Predicting where defects are in software is the holly grail of most software testers. Finding and fixing defects is estimated to cost billions of pounds per year, so any automated help in reliably predicting where faults are, and focusing the efforts of testers, will have a significant impact on the cost of production and maintenance of software.
Defect prediction research has been ongoing for many years using regression techniques and, recently, machines learning algorithms to predict where defects are. This work has provided some insight into where defects can be found, however it does not appear to have been taken up by practitioners. One reason for this may be due to the difficulty of choosing and building defect prediction models.
Software defect prediction at the University of Hertfordshire has developed greatly over the last five years. We have built models to predict where defects are, using Support Vector Machines with some success. Our recent work has focused on analysing models produced by other researchers and improving the algorithms/protocols used to build defect prediction models.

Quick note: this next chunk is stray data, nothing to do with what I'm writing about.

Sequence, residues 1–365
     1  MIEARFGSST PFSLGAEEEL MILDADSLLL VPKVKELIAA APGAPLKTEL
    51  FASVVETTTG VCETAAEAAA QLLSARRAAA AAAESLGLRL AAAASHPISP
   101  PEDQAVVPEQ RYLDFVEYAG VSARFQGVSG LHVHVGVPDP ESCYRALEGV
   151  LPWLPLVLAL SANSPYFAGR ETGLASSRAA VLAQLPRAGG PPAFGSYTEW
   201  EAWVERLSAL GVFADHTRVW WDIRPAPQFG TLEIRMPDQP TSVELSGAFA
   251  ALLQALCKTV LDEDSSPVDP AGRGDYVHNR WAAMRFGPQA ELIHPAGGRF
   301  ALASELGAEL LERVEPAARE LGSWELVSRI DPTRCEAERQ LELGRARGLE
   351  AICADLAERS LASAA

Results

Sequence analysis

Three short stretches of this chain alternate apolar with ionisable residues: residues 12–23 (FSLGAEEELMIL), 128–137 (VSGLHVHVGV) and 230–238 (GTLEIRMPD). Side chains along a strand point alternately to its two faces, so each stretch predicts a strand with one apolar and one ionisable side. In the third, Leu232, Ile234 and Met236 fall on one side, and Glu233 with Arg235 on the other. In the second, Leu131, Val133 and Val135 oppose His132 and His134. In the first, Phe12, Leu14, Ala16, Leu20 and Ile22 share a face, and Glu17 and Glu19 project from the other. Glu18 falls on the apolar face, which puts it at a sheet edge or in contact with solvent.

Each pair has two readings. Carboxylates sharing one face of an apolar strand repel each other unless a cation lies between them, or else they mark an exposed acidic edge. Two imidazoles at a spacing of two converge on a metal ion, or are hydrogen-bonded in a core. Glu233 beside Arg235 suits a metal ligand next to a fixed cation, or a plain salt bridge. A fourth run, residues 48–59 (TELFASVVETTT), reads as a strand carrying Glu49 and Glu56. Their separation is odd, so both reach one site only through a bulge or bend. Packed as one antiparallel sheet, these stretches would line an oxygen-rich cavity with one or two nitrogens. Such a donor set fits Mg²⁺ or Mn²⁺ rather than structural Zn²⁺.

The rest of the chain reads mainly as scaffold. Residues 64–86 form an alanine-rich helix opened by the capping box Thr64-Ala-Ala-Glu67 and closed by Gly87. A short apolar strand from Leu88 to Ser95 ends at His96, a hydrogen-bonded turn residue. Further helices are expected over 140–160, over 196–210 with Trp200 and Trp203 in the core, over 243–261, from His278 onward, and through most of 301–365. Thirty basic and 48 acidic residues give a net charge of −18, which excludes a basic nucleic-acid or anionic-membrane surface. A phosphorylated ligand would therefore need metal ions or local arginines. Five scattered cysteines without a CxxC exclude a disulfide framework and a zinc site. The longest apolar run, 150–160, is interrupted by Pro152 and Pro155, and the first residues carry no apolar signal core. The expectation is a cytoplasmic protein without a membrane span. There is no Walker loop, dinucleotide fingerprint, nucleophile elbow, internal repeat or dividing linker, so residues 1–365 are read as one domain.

Our collaborative work with other Universities has led to some significant analysis in the area of defect prediction and our work has resulted in an important discussion relating to the quality of data used in defect prediction and how defect prediction models should be built.
This work has applications in Software testing and machine learning in general. We have contributed practical advice to practitioners though articles in IEEE Software Voice of Evidence and other leading Journals on building practical defect prediction models. We have contributed to open discussions with both researchers and practitioners in open workshops.